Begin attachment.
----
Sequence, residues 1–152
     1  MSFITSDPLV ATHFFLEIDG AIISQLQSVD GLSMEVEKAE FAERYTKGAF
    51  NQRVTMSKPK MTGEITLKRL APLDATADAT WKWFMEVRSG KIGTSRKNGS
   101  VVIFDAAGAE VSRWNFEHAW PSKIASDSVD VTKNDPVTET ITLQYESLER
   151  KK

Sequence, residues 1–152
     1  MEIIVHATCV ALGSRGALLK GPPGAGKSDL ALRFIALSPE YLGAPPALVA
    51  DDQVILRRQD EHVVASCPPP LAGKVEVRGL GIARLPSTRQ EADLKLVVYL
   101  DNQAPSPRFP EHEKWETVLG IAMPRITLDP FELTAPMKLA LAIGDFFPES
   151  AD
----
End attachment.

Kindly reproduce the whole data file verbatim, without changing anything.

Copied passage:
Sequence, residues 1–152
     1  MSFITSDPLV ATHFFLEIDG AIISQLQSVD GLSMEVEKAE FAERYTKGAF
    51  NQRVTMSKPK MTGEITLKRL APLDATADAT WKWFMEVRSG KIGTSRKNGS
   101  VVIFDAAGAE VSRWNFEHAW PSKIASDSVD VTKNDPVTET ITLQYESLER
   151  KK

Sequence, residues 1–152
     1  MEIIVHATCV ALGSRGALLK GPPGAGKSDL ALRFIALSPE YLGAPPALVA
    51  DDQVILRRQD EHVVASCPPP LAGKVEVRGL GIARLPSTRQ EADLKLVVYL
   101  DNQAPSPRFP EHEKWETVLG IAMPRITLDP FELTAPMKLA LAIGDFFPES
   151  AD